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Cloudy future: Rain hurts, but China bans start BHP thinking about job cuts


The return of a wet season in Queensland has dragged down the production of BHP’s coal business but trade bans from China have been far worse.

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It is understood that BHP expects the bans and the associated price impacts to remain in the short to medium term and if prolonged, the likelihood of job losses and operational cuts would increase.

In its third quarter production results, BHP said metallurgical coal production guidance has been reduced to between 39 and 41 million tonnes as a result of significant wet weather impacts during the December 2020 and March 2021 quarters.

But it was also finding the market tough and even though it has been able to redirect much of coal to other markets, it had been at a much lower price.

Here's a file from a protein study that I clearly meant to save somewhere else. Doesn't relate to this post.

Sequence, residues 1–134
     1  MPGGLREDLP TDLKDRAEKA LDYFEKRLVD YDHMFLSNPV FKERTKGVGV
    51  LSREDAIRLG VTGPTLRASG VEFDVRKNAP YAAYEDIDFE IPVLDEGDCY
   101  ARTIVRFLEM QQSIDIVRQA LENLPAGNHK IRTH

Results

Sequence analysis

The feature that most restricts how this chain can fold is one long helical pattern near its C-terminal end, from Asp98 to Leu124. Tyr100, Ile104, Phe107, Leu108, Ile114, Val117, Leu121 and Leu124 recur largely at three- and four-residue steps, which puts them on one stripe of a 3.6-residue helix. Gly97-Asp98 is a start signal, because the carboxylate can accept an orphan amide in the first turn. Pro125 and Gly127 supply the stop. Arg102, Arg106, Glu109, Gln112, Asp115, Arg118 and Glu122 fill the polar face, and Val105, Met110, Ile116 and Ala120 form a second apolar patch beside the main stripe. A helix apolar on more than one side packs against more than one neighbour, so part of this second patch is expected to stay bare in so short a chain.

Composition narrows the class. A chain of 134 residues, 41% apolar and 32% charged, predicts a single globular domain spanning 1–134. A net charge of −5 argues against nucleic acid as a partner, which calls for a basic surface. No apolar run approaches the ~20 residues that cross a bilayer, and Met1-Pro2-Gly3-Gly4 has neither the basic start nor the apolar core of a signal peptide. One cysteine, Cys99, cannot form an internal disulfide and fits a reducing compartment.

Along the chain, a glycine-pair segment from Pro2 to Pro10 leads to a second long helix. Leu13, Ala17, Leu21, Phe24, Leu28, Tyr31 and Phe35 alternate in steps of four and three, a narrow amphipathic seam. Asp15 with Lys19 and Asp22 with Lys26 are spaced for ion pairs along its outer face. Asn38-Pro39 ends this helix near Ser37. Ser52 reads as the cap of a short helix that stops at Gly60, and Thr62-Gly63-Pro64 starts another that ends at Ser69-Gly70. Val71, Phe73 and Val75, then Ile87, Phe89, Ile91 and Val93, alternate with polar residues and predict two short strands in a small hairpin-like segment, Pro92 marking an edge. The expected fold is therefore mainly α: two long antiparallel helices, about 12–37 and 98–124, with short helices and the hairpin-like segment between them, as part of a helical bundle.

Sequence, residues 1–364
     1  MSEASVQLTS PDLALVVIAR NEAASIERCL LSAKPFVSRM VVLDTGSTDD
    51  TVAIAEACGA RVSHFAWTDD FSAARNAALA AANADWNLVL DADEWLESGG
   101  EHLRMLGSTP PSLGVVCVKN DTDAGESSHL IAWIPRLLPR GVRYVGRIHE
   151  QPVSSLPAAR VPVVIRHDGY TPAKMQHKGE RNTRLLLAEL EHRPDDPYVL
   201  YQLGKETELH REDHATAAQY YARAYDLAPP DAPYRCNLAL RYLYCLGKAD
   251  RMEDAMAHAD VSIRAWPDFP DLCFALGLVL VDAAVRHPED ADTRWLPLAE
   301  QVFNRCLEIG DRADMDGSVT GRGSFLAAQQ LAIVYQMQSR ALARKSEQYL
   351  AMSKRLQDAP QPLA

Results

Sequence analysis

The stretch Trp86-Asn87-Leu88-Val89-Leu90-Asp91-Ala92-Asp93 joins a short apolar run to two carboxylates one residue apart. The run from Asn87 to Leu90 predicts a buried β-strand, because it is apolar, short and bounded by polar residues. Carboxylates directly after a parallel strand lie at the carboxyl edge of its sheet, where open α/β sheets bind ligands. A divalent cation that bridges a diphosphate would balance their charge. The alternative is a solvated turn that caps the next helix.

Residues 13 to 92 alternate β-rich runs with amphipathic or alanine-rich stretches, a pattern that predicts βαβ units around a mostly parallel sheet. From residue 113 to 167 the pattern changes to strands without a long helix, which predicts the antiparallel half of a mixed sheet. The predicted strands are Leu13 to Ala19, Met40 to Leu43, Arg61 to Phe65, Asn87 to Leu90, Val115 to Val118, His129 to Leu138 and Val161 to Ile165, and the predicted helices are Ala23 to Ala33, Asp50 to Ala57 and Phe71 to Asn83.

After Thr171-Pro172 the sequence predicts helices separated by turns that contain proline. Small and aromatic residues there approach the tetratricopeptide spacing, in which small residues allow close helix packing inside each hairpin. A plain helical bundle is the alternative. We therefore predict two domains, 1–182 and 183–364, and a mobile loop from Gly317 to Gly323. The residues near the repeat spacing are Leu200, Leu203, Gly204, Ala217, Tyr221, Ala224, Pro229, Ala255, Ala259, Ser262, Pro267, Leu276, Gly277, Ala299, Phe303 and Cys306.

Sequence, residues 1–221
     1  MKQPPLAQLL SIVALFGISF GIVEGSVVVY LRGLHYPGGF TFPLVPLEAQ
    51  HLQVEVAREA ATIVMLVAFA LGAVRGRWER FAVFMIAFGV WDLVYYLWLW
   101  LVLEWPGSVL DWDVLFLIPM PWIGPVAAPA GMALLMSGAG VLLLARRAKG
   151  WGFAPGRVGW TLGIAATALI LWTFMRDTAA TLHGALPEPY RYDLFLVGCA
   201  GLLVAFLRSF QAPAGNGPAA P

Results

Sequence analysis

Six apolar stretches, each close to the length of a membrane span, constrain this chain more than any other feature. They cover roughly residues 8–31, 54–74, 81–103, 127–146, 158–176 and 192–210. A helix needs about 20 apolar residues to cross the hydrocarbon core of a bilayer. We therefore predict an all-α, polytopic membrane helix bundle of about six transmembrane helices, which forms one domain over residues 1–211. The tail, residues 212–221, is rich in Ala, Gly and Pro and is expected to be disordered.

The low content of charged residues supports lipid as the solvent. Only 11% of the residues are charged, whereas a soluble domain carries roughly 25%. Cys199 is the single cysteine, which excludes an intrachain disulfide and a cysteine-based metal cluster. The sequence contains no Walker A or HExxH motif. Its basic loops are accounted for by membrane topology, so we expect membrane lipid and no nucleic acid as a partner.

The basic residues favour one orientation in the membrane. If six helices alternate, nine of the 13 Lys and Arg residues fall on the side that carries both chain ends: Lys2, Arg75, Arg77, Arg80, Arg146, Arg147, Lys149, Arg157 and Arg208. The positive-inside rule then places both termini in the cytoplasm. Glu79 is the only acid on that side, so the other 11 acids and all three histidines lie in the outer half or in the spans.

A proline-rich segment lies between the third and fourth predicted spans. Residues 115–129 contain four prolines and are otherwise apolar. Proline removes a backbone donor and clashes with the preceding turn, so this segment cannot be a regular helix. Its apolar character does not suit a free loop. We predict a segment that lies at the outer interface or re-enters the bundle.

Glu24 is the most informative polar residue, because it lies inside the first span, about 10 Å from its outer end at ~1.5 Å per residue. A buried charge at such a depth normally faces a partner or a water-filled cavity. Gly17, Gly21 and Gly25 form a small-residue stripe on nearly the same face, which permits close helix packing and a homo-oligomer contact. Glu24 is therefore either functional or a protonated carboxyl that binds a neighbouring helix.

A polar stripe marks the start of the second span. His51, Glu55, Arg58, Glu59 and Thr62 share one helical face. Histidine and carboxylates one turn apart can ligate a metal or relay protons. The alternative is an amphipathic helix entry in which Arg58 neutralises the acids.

Before China imposed its trade bans on a wide range of Australian goods, about 20 to 30 per cent of BHP’s metallurgical coal production was exported there.

While it has been able to redirect to other markets it is now facing challenges from Canada and Mongolia.

At its half-year results, BHP said earnings from its Queensland business was down 94 per cent and it now expects the tough times to continue.

Although coal production was impacted by the wet season there had been “strong underlying operational performance, including record stripping at BMA and record production at Goonyella’’.

At South Walker Creek, production decreased despite record truck and shovel stripping in the March 2021 quarter, as a result of higher strip ratios due to ongoing impacts from geotechnical constraints and lower yields.


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